Feb. 25

China charges US with violating spirit of 1982 US-Chinese agreement on reduction of US arms sales to Taiwan; US on 2/26 denies accusation, stresses commitment to strong US-Chinese relations.
Apr. 4

US grants asylum to Chinese tennis star Hu Na; in response, China orders cancellation 4/7 of scheduled 1983 sports, cultural exchanges with US.
July 15

US announces plans to sell $530 million in new arms to Taiwan; China denounces move 7/22, charging US with violating 8/82 communique on arms sales.
Sept. 25-29

Secretary of Defense Caspar Weinberger visits China, exploring opportunities for increased US-Chinese military cooperation.
Jan. 12

US and China, during visit to US by Chinese Prime Minister Zhao Ziyang, sign agreements extending current scientific exchanges and initiating new cooperation in industry, trade.
Apr. 26-May 1
Reagan, in first trip to Communist country, visits China; meets with Chinese leader Deng Xiaoping 4/28.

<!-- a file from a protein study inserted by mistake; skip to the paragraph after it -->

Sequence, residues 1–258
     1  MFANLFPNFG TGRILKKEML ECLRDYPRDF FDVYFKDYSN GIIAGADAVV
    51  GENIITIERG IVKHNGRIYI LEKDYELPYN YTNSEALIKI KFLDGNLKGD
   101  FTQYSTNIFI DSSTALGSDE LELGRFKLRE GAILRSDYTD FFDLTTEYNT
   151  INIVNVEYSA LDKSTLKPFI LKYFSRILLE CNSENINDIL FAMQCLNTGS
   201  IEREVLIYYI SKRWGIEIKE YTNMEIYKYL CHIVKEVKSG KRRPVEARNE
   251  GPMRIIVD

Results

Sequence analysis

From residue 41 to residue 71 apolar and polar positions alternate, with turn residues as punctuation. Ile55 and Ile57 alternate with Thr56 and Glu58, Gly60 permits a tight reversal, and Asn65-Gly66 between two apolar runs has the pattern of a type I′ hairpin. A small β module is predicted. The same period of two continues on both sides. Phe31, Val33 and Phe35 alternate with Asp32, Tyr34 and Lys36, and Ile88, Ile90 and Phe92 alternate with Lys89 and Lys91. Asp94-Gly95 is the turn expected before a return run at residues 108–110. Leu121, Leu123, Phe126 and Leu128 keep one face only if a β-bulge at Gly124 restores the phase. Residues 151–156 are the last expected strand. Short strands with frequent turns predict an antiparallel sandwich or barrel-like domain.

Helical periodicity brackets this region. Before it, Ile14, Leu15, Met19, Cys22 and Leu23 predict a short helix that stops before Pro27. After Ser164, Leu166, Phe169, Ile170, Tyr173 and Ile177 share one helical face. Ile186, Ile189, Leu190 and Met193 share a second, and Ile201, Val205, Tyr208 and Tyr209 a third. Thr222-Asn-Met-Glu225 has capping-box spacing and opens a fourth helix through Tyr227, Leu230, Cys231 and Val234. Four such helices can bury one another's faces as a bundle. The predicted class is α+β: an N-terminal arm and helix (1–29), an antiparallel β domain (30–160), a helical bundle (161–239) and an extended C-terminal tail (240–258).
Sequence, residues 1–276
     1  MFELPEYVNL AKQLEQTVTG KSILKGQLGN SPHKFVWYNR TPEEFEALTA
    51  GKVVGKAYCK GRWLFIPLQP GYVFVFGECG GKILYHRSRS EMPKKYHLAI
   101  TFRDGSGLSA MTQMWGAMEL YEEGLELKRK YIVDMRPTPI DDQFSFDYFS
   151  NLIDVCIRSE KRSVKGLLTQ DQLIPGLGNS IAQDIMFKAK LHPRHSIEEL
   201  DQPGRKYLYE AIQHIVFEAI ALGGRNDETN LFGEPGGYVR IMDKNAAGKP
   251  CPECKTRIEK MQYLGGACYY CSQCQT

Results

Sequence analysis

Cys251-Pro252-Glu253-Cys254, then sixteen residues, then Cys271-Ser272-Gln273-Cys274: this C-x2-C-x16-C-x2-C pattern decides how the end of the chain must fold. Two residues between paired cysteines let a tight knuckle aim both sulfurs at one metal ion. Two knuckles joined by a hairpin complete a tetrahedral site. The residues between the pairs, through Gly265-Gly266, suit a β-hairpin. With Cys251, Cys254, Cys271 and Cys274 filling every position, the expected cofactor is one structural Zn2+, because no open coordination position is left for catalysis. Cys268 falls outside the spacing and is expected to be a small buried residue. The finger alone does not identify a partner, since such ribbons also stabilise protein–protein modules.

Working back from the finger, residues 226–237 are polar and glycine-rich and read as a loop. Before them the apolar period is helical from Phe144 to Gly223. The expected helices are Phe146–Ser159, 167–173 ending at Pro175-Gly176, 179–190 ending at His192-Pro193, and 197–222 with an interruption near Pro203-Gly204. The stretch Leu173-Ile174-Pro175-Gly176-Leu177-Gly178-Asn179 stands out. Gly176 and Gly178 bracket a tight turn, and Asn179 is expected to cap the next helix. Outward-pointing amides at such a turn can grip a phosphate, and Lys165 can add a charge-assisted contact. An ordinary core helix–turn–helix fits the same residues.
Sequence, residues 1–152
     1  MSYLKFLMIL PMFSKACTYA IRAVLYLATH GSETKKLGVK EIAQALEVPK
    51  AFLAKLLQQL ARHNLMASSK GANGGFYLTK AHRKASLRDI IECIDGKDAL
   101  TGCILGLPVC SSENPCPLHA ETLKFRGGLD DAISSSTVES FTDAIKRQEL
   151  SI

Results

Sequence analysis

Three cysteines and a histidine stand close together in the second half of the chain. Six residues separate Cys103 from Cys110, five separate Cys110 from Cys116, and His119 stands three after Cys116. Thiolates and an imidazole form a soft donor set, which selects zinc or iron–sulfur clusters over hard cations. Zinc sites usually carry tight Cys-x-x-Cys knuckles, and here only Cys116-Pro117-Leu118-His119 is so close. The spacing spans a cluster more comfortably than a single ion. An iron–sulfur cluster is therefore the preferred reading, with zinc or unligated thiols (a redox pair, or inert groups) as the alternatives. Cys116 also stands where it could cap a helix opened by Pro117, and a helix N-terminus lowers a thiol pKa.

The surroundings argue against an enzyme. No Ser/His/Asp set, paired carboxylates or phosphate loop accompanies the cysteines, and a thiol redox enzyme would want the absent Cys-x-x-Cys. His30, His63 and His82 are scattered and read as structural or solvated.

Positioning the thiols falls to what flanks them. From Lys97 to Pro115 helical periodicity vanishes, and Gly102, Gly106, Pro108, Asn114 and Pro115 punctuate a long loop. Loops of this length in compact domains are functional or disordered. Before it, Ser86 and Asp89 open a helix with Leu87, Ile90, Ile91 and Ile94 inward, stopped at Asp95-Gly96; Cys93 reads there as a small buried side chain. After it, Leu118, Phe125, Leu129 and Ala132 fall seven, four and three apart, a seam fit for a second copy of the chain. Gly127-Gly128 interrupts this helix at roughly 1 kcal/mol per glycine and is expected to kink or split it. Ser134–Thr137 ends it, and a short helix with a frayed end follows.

June 14

U.S. at end of visit by Chinese Defense Minister Zhang Aiping, announces agreement "in principle" on sale to China of US antiaircraft, antitank weapons.
June 15

White House spokesman, citing Chinese support for Pakistani nuclear programs, warns that 4/30 US-Chinese nuclear cooperation accord will not be sent to Congress without new guarantees that China will not aid emergence of new nuclear-weapon states.
July 23

President Ronald Reagan meets at White House with Chinese President Li Xiannian, announces signing of pact allowing sale of American nuclear reactors and nonmilitary technology to China.
Oct. 13-18

Vice President George Bush visits China, announces US agreement to speed export of some high-technology products to China; Taiwan issue is raised by Chinese leaders as obstacle to Sino-US relations.
Nov. 19
Winston Lord as Ambassador to PRC.
Feb. 20